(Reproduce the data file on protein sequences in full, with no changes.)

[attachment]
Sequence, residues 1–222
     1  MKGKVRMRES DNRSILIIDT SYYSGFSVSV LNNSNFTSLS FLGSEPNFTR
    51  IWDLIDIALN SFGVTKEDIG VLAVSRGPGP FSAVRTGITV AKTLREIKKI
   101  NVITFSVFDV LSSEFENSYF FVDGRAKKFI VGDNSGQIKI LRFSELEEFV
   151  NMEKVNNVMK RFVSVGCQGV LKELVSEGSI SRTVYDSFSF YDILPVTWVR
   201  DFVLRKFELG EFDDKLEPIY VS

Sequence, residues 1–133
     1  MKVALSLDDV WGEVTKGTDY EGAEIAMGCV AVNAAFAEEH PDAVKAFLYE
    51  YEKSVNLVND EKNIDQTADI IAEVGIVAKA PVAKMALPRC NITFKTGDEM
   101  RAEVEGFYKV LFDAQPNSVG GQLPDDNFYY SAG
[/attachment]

Sequence, residues 1–222
     1  MKGKVRMRES DNRSILIIDT SYYSGFSVSV LNNSNFTSLS FLGSEPNFTR
    51  IWDLIDIALN SFGVTKEDIG VLAVSRGPGP FSAVRTGITV AKTLREIKKI
   101  NVITFSVFDV LSSEFENSYF FVDGRAKKFI VGDNSGQIKI LRFSELEEFV
   151  NMEKVNNVMK RFVSVGCQGV LKELVSEGSI SRTVYDSFSF YDILPVTWVR
   201  DFVLRKFELG EFDDKLEPIY VS

Sequence, residues 1–133
     1  MKVALSLDDV WGEVTKGTDY EGAEIAMGCV AVNAAFAEEH PDAVKAFLYE
    51  YEKSVNLVND EKNIDQTADI IAEVGIVAKA PVAKMALPRC NITFKTGDEM
   101  RAEVEGFYKV LFDAQPNSVG GQLPDDNFYY SAG